1 idea 3 planks

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I’m a big Al Ries fan. His and Jack Trout’s book on Positioning changed my career. I have memories of reading it on a Long Island Rail Road. It’s a great thought piece.

Today however, I take issue with the idea of positioning in branding. 

Positioning is the act of finding a competitive and defensible place for your brand in the consumers’ mind. The search for a position — a position being a noun. Position is defined as “a place occupied or to be occupied; site.”

In my brand consultancy branding is defined as “an organizing principle” for product, message and experience. This approach is much more fluid and alive. It allows for branding as a series of behavioral acts. Ongoing. Making ads, customer care, retail design, and web experience all fall into activities that define the brand and its promise. That prove its promise.

With branding as an organizing principle everything is viewed as an active, a non-machine related sales opportunities.  Built and enforced by people. Not a destination or compass point in the mind of a consumer.

Positioning was way better than anything before it. And barring any real brand strategy (one idea, three planks) it is the next best approach. But I think we can do a little better.

Peace.

 

 

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Brands are authentic. It’s the people who manage them who are not. So let’s stop trying to find the “authenticity” for goodness sake.  (It’s like all those people talking about ROI. Guess what? They aren’t getting any.)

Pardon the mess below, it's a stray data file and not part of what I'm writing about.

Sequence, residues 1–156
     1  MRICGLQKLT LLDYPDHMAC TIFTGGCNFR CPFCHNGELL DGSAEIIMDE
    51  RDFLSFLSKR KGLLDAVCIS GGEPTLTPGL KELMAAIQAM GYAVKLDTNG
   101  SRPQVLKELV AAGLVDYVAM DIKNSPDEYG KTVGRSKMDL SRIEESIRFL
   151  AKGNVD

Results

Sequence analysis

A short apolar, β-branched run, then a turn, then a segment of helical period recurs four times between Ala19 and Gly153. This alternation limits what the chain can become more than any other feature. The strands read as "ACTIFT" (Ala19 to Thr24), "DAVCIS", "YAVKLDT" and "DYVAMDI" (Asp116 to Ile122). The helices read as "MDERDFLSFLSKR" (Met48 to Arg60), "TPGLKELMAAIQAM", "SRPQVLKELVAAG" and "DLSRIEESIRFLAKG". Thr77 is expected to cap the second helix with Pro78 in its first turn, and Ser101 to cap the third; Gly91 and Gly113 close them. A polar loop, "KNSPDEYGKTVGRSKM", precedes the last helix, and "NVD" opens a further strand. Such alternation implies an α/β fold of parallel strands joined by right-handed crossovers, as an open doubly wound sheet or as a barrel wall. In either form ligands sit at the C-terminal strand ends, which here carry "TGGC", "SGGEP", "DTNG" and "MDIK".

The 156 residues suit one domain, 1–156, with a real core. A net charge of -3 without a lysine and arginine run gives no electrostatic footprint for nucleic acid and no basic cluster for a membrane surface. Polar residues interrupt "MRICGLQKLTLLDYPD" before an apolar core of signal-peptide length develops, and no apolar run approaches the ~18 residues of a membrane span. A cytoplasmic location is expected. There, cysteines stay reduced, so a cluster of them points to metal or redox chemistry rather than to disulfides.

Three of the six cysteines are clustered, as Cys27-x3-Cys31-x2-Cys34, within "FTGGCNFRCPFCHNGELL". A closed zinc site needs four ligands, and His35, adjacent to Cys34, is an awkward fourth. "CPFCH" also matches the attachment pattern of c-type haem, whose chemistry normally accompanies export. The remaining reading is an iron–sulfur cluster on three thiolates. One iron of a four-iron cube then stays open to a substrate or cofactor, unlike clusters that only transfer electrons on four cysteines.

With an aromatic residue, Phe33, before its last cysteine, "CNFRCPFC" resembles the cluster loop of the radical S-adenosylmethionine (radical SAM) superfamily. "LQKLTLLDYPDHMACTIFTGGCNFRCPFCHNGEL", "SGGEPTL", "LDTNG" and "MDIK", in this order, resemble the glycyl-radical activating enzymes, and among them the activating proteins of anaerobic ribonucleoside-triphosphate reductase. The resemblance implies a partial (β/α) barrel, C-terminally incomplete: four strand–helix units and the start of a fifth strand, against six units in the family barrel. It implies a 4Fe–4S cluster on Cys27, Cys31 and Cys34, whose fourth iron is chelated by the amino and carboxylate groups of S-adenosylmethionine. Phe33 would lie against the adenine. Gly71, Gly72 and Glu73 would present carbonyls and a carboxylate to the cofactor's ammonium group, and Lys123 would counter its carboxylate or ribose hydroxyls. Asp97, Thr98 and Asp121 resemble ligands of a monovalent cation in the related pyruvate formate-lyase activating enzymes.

I suspect the reason the word authentic has been used and abused (Walt Clyde Frasier) to excess is because of social media — where anyone and her cousin are allowed to post on behalf of brands; mostly, tyro community managers fresh out of school with dexterous social fingers. (Interview question: “How many Facebook friends do you have?”). If social media were medicine, pre-meds students would be treating patients and everyone would be coughing and wheezing. Ever hear of an inauthentic doctor?

I’m not going all old school on you or anti-digital native; there are a number of smart young community managers out there learning their craft on the job and applying thoughtful analytics to social media. But the winners understand brand strategy, not just tactics.  And you won’t find them spouting off about authenticity.  They are more likely to be talking about specific expressions of brand fundies (1 idea 3 planks), things the brand is good at and things consumers want. 

Social media is an important component of the marketing mix; never more so. So let’s use it correctly and it will lift the craft.

Peace.

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